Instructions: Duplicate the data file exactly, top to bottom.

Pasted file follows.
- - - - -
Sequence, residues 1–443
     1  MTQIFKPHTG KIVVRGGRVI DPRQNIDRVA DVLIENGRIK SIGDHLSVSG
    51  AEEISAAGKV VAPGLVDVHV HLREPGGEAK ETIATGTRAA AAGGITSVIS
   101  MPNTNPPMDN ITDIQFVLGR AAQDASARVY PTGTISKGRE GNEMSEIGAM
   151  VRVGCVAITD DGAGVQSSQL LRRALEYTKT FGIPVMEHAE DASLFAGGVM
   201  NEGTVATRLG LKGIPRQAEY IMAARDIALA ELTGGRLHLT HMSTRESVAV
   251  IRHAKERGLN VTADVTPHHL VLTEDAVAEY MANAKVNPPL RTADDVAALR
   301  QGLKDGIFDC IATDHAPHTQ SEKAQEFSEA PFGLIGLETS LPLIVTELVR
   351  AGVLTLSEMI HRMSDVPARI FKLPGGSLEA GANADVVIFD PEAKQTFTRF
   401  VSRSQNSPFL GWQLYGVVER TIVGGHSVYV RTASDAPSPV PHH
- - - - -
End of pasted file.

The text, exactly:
Sequence, residues 1–443
     1  MTQIFKPHTG KIVVRGGRVI DPRQNIDRVA DVLIENGRIK SIGDHLSVSG
    51  AEEISAAGKV VAPGLVDVHV HLREPGGEAK ETIATGTRAA AAGGITSVIS
   101  MPNTNPPMDN ITDIQFVLGR AAQDASARVY PTGTISKGRE GNEMSEIGAM
   151  VRVGCVAITD DGAGVQSSQL LRRALEYTKT FGIPVMEHAE DASLFAGGVM
   201  NEGTVATRLG LKGIPRQAEY IMAARDIALA ELTGGRLHLT HMSTRESVAV
   251  IRHAKERGLN VTADVTPHHL VLTEDAVAEY MANAKVNPPL RTADDVAALR
   301  QGLKDGIFDC IATDHAPHTQ SEKAQEFSEA PFGLIGLETS LPLIVTELVR
   351  AGVLTLSEMI HRMSDVPARI FKLPGGSLEA GANADVVIFD PEAKQTFTRF
   401  VSRSQNSPFL GWQLYGVVER TIVGGHSVYV RTASDAPSPV PHH